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Individualization of diabetes treatment for heart failure | Jay Shubrook & David Strain

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*Originally published January 31, 2018 on Medicine Matters diabetes*

Welcome to medicine matter diabetes i’m jay schubert leo professor and diabetologist at toro university california and i’m joined today by david strain md who’s a clinical senior lecturer in diabetes and vascular preventive medicine at the institute of biomedical and clinical sciences peninsula medical school in exeter uk he’s also the head of the academic

Department for health care in older adults and the author of the uk 2017 guidelines for the management of older adults with diabetes we’re going to continue our topic today talking about the american diabetes association’s uh update on the management of hypertension and adults with diabetes well so we live uh so david welcome and we’re so glad to have you here

Today thank you jay pleasure to be with you thank you so we have an aging population you know i think this is a global phenomenon we have more and more adults and we have older adults with chronic disease so you know what’s special about the elderly yeah it’s a really interesting point because when we’re talking about older adults with diabetes there are many

People who just talk about them as an extension of younger adults what we forget is the physiological changes that take place between the ages of 65 and 80 are actually greater than the physiological changes that children go through with puberty now none of us would consider treating a two-year-old in the same way we treat an 18 year old and yet when it comes to

Older adults we think nothing about implying the same treatment pathways and the same drugs and the same mechanisms for an eight-year-old that have only ever been tested and validated in our younger populations so as such we’ve got lots of special considerations that we need to think about the the underlying physiology is fundamentally changed the responsiveness

To external uh stimuli is also muted which means exactly the same thing that we do to a an eight-year-old could have profound effects than compared to what would have happened if we’d have used the same therapy for a 65 year old so that’s really important and do we have studies to support how we should treat the elderly differently well very very few studies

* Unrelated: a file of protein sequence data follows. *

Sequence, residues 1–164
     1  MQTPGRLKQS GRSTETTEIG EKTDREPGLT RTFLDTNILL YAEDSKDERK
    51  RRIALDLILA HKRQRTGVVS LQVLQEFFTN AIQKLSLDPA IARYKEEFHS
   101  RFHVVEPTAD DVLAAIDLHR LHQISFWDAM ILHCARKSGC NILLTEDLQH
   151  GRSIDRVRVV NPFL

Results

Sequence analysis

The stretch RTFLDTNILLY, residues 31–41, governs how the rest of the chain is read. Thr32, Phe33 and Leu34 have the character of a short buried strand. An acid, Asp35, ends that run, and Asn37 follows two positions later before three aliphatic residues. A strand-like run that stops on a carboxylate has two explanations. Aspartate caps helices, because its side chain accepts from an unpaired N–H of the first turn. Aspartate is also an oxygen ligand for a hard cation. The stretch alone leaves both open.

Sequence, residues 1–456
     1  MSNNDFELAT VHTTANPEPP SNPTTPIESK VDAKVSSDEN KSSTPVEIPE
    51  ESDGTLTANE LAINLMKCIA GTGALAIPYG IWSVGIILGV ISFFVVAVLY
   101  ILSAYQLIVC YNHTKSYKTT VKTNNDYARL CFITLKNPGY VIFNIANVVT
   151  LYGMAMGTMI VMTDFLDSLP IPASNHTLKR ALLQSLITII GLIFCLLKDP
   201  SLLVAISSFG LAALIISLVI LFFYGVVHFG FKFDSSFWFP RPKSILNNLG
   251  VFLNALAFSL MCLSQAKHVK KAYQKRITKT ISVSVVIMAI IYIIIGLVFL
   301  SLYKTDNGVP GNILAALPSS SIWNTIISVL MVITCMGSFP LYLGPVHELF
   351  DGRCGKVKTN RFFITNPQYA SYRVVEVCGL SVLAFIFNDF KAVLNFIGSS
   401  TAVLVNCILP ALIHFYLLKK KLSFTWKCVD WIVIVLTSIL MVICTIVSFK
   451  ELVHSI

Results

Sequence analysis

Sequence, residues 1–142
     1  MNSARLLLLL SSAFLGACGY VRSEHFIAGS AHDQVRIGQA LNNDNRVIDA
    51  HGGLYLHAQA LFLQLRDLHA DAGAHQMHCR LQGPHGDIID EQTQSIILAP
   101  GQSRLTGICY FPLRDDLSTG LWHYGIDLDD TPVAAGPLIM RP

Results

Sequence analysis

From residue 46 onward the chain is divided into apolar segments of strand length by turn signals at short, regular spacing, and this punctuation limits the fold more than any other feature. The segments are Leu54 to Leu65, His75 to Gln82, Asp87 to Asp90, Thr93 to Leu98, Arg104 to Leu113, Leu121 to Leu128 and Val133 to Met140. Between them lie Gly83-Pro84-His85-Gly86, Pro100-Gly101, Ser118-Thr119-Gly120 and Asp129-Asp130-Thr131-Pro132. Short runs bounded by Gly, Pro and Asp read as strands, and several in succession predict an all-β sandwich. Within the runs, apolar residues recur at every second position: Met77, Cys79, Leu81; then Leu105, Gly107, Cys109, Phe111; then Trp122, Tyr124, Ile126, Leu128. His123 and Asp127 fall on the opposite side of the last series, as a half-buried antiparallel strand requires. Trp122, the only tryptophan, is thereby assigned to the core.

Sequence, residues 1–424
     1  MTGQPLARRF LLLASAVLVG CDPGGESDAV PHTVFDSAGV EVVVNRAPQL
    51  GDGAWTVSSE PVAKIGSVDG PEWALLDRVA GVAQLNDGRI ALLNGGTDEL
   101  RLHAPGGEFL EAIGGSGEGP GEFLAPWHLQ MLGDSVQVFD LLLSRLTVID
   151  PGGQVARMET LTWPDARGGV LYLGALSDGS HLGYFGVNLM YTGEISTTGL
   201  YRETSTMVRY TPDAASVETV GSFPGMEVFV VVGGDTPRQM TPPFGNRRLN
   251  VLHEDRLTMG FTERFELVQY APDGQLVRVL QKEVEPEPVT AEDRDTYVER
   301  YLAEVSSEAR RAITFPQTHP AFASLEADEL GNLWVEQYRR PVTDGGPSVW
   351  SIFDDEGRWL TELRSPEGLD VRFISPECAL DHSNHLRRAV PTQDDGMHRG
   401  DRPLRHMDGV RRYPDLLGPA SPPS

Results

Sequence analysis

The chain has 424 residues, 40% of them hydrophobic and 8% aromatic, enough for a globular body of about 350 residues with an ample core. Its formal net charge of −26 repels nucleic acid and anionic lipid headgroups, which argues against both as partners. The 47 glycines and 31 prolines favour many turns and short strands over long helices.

I mean in the whole of diabetes we know that two-thirds of clinical trials actually um routinely exclude older adults purely on the basis of their age if you think of a chord advance and vadt only a cord had no other age limits and therefore actually very often the older patients that we’re seeing don’t represent the typical manifestations that we see in

Our clinic there have been a few studies that have looked specifically at older adults but even in those settings they tend to use not particularly representative population an 80 year old that turns up to a typical clinic trial is completely different from the frail more mature elderly that we see in clinic and after the age of about 75 actually chronology

Nexus very very little two 80 year olds can be completely different one can be still very active dancing going to the football whereas another one may be in a nursing home with full dependency so we have to be very certain that the care that we’re offering these individuals will actually benefit them within their anticipated lifespan so the elderly are really

A diverse group they had very different presentations and there’s little information or imperfect information to advise us on the treatment absolutely i mean i think you’ve highlighted that we we don’t have very good accurate randomized control trials for to say what we should be doing for these people and therefore a lot of what we do is is opinion and so if

For example we take the sprint trial recently conducted with hypertension in older adults not specific to diabetes but it was a good study looking at hypertension in older animals across the board and suggested in that population that there is tremendous benefits that can be achieved from reducing blood pressure actually very similar benefits that we see in the

Younger adults it has to be uh the caveat in that has to be that they don’t hit the same targets in the study but the benefit did seem to be linear however if you go to um real world data sets so recently for example we’ve just published our uh an analysis of the cprd based on over a million patients and that suggests a different picture when you look at the

General all promise so including those frail elderly patients including the ones with multi-morbidities with heart failure or renal impairment or the other problems that are typical in a geriatrics service then those patients actually have do have a lower threshold and the threshold seems to be determined more about diastolic blood pressure which makes a lot

Of sense really just from a simple overview of it we spent two-thirds of our life in diastole these patients have had 80 years or so to build up the arterial and atherosclerosis and therefore reduce tissue perfusion and many of the drugs that reduce systolic blood pressure have an extreme effect on the diastolic blood pressure and we identified that if you get

Your diastolic blood pressure dropping below 75 millimeters of mercury the net result of that is an inadequate perfusion and so we start to see problems that are not typical blood pressure related problems but become very apparent and a highly significant non-less so for example we see rates of dementia will increase with lower diastolic blood pressure and we